Jean Jacket / by Sarah Schwartz

Whenever we experience something truly beautiful, it's as if someone is leaving a trail of breadcrumbs to the place where we are fully known and fully loved. -Jonathan Martin

So much of Los Angeles remains a mystery to me, despite having lived 30 minutes outside of it for close to six years. Driving in and around the city of angels makes me nervous, and as a matter of principle, I take offense at being charged to park my car places. (Just think about it. You're paying money just so your car can temporarily occupy space. Ridiculous.)

But on Thursday night the girls and I drove to Art Share L.A., a warehouse in the center of the Arts District that houses rotating art exhibitions and events, the kind of joint where you can tell right away that everyone there, from the girl who marked our hands with a green crayola marker at the entrance, to the guy wearing a non-ironic Grateful Dead tee shirt running sound in the back, are the best of friends who wouldn't leave this community or place for all the money in the world.

There were only thirty or so chairs set up in the gallery, which meant finding a space to sit on the cement floor. We lined ourselves up against the wall to have something to lean against, talking about how we couldn't believe our luck in finding so many of our favorite poets reading at one event.

A scruffy guy in a jean jacket and a "Sioux Falls, South Dakota" tee shirt maneuvered his way through the growing crowd on the floor, approaching the couple to our right, hugging and thanking them for coming.

"I'm pretty sure that's him," I whispered to Natalie, pointing to jean jacket dude, who I suspected was the poet headlining that evening. She nodded, and we gawked for a moment before turning back to our other friends and resuming our conversation.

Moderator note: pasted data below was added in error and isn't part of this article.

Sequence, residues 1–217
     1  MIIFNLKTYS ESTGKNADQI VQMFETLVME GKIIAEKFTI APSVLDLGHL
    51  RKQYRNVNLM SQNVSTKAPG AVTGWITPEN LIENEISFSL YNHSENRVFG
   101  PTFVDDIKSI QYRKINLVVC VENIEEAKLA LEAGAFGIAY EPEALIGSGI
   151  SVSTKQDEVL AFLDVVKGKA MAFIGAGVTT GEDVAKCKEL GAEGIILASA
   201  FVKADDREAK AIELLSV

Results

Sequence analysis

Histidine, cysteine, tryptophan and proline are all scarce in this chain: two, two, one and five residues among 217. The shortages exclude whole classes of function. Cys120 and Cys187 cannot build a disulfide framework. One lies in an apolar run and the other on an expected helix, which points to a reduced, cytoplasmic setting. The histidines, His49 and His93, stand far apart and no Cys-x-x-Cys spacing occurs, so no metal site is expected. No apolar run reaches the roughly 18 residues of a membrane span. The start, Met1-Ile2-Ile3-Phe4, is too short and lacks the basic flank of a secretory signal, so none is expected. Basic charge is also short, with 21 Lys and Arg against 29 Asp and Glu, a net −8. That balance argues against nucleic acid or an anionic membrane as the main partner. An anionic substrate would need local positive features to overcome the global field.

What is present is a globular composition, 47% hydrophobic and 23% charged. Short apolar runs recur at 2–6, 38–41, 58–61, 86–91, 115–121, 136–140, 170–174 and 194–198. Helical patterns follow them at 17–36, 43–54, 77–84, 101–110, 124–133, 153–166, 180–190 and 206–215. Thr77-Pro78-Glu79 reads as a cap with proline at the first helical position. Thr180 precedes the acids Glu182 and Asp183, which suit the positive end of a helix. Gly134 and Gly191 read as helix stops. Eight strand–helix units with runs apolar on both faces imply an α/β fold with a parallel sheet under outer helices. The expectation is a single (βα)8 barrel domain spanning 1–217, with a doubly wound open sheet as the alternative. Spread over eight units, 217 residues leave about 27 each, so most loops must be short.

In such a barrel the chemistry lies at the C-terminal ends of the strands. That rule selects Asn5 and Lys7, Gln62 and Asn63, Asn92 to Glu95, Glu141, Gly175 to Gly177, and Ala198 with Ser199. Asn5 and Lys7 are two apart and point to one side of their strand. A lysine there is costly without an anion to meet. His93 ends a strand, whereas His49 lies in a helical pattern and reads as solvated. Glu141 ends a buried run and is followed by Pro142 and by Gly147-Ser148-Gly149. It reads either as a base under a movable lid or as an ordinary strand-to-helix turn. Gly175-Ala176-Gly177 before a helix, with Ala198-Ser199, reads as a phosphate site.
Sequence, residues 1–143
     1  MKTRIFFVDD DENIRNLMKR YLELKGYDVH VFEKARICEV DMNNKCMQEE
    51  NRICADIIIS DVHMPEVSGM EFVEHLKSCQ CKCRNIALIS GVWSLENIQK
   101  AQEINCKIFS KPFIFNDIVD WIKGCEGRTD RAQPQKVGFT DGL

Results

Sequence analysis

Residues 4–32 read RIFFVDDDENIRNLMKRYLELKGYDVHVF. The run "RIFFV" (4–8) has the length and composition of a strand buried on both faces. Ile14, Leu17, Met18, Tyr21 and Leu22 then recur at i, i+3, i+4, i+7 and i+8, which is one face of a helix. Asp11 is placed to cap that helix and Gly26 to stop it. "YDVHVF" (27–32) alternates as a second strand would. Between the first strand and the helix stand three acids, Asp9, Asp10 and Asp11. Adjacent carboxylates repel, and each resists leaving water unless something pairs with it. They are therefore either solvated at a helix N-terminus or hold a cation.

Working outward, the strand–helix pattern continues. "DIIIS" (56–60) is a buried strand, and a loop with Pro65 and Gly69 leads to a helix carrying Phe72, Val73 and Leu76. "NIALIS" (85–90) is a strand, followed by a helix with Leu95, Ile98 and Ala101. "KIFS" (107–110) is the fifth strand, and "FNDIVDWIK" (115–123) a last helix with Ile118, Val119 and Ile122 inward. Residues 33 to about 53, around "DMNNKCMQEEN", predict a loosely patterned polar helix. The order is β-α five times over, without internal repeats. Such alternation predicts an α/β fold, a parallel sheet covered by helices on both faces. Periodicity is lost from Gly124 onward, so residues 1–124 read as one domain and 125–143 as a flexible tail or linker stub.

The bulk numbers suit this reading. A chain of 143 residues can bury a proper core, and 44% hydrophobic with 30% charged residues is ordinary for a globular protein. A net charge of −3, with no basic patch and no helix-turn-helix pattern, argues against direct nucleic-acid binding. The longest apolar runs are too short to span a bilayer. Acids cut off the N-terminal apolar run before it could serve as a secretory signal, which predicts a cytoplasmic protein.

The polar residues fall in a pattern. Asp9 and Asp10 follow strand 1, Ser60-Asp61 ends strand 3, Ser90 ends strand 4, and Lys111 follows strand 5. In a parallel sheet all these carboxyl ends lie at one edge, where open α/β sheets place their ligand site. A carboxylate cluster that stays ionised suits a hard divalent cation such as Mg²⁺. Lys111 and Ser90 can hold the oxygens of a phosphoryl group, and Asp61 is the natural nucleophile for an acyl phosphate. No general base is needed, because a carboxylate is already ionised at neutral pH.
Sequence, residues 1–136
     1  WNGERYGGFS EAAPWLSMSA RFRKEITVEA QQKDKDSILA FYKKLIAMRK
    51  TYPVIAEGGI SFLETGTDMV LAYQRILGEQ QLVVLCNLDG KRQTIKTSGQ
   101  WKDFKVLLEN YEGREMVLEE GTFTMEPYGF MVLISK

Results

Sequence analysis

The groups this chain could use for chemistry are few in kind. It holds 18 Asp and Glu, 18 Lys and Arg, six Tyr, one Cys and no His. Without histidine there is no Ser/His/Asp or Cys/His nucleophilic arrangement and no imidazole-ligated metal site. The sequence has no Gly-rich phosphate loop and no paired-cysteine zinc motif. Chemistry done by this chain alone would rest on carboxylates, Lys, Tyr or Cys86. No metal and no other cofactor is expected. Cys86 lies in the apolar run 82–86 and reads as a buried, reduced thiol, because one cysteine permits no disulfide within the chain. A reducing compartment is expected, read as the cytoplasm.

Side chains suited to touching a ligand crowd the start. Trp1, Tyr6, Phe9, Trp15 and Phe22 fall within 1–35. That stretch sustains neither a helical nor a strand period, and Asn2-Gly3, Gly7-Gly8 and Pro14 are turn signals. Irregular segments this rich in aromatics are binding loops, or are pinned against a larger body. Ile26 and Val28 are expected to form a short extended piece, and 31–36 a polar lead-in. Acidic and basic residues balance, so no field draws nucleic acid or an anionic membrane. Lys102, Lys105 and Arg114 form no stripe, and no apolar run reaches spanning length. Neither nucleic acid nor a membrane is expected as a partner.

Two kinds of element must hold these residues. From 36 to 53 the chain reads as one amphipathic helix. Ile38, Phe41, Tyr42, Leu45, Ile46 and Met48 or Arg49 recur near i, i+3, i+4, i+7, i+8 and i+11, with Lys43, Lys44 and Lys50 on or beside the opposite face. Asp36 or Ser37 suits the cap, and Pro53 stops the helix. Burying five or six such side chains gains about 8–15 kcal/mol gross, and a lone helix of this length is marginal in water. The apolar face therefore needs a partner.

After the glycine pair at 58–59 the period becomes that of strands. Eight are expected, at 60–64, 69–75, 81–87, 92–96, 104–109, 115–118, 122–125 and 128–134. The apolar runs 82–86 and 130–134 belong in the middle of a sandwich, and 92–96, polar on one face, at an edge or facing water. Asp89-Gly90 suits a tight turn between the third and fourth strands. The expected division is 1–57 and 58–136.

"Do you want this?" a man's voice suddenly asked, drawing our attention upward.

It was jean-jacket-poet-guy, except now he was holding his jacket and extending it towards us.

"For your butt," he clarified. "To sit on."

Natalie and I looked at each other with wide eyes before mumbling something like, "Sure, uh-huh," and daintily taking it from him like it was a fabriche egg. And then he was gone.

Wordlessly understanding that we were not going to put either of our butts on this man's jacket, we placed it between us as the show began, each gripping it with one hand like it was a life preserver, and we were lost at sea.

The evening was the kind of magic that makes you feel as if time has stopped, with nothing existing outside of the rhythm of each poet's voiceโ€”where you find yourself wishing you could defy the laws of matter to open your eyes just a little bit wider so as not to miss anything, or crack open your chest to make more space for your heart to take it all in.

When it was over and we got up to leave, Natalie and I laughed, realizing we had both been holding on to the jacket for the entirety of the show.

"If that's not a metaphor for how art saves us, I'm not sure what is," I said as we made our way out of the gallery.

(We considered leaving with the jacket, but thought better of it, and reluctantly returned it to scruffy poet dude.)

I've needed artโ€”whether it be music or sculpture, paintings or poetryโ€”these last few years, more than ever before. I've clung to it for dear life, with the same kind of ferocity with which Natalie and I held on to that jacket.

There's something about the right poem or song that reminds us of our capacity for wonder, for beauty, for goodness, for truth. Art awakens us to our ability to feel, and as someone in an extended season of not feeling a whole hell of a lot, I've needed that reminder like oxygen.

Because we're still alive, you and me. Some days it might be easy to believe that life has no more goodness or beauty left to offer us, or that if it did, we're too calloused and disjointed to receive it, but nights like this remind me that isn't true.

We've still got breath in our lungs and hearts in our chests, and beauty has the power to find us still.